The subjects and techniques exhibited by the Longhouse artists draw from a diverse range of stylistic traditions, which arise from cultural teachings, ancestral lineages, and each artist’s unique experience as Indigenous peoples. Works on display include paintings, drums, carvings, beadwork, photography, baskets, and jewelry. 

Glass vessels created using basket designs demonstrate the way traditional design can beautifully translate into new media. Other sculptural forms created in clay, bronze and wood, alongside two-dimensional prints, paintings and drawing spotlight the mastery of mediums that Longhouse artists are fluent in.

“As a curator of this exhibition it’s such an awe-inspiring experience to hear from the artists themselves as to the perspective and inspiration behind their artwork,” added fellow co-curator Linly Logan. “We have artists who are very traditional and roots oriented; artists who use the natural resources around them to showcase their creativeness.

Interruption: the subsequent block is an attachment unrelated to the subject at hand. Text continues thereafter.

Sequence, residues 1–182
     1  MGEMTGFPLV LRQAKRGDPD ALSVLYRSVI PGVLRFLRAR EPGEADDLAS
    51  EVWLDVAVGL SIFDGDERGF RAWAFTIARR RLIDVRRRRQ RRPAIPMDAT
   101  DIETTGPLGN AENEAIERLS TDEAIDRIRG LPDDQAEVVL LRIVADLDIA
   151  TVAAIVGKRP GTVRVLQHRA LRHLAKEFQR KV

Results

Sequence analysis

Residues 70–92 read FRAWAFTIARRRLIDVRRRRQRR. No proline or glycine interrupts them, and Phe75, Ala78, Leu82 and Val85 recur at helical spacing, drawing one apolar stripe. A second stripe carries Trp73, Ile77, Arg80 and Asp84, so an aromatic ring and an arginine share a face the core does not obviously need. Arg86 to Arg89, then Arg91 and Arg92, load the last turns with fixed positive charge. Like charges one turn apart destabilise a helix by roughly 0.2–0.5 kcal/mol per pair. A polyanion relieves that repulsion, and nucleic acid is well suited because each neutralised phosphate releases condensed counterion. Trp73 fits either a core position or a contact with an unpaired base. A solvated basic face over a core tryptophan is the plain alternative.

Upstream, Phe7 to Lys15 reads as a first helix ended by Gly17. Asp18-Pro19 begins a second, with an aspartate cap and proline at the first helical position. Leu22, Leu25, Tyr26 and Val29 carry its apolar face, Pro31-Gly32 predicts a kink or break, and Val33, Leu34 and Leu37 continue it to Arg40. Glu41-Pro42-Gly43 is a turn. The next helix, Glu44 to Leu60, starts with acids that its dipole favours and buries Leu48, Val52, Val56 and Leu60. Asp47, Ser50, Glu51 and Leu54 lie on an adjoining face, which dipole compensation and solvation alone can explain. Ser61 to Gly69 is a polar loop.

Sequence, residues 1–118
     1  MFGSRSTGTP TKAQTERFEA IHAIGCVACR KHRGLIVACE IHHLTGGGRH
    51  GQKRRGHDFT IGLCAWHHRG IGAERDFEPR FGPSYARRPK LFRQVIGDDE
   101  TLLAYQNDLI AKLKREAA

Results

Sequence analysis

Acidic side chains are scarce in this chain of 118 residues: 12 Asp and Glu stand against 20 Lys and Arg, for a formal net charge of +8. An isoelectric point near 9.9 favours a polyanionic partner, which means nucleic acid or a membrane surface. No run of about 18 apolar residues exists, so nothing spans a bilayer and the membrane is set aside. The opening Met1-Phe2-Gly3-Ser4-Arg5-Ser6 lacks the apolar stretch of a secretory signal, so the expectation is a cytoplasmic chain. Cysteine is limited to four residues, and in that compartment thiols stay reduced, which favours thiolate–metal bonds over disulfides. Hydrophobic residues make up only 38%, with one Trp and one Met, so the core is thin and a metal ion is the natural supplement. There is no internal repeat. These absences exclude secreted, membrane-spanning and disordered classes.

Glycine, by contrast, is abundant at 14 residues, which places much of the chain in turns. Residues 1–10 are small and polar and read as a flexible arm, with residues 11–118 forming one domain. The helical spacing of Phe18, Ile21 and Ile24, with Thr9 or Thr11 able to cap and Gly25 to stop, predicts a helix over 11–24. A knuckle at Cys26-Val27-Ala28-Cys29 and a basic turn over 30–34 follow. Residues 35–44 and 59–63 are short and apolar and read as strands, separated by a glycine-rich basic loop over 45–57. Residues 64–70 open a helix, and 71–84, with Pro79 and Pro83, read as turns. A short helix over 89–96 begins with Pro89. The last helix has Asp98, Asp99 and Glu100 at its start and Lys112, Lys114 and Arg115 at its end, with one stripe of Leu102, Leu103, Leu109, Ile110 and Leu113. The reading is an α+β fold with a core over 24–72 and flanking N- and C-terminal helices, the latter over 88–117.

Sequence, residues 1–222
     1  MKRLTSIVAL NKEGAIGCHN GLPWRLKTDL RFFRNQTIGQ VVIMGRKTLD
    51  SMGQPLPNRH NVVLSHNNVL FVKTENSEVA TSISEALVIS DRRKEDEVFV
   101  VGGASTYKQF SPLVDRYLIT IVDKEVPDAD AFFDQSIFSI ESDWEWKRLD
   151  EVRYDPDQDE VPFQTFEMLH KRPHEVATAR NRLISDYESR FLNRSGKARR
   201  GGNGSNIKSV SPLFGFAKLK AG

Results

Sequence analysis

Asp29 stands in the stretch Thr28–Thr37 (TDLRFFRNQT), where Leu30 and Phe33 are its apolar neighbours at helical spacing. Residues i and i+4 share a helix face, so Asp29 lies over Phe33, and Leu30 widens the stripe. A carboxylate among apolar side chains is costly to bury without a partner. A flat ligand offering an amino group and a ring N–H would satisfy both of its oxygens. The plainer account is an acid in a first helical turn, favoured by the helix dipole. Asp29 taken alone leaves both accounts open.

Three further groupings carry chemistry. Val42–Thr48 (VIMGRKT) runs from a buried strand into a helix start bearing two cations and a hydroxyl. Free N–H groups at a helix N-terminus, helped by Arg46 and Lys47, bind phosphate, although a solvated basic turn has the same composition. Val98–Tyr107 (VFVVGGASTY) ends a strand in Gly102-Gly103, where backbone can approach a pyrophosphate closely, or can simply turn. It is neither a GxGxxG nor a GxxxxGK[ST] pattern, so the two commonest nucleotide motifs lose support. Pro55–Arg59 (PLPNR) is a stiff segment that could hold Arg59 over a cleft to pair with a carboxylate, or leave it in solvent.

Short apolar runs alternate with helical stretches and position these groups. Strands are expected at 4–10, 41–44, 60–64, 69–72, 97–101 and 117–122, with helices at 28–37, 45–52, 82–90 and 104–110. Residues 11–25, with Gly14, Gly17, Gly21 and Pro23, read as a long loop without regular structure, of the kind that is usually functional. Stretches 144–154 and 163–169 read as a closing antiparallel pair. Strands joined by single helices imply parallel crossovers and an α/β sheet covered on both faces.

Fabergé Egg: Kelly Church (Ottawa/Chippewa). The End and the Beginning, Fiberge Egg #9. 2016. Black ash, Rit dye, sweetgrass, copper, velvet, sinew, vial with Emerald Ash Borer, black ash seed.

“As Native and Indigenous people we’ve always used the resources around us,” he continued. “In a contemporary lifestyle in nature, we’ve continued to use the resources around us which now include materials other than natural materials. We’ve come full circle in our intent to build upon the past and vision into the future creatively and intellectually as Indigenous people.”

The House of Welcome graciously allowed Tulalip News staff a private tour of the exhibition so that we could share a glimpse of the amazingly creative and exceptional Native art with our local community. These artists are luminaries of their cultures, lighting the pathway back into the far reaches of history, and leading the way into the future with their creative vision.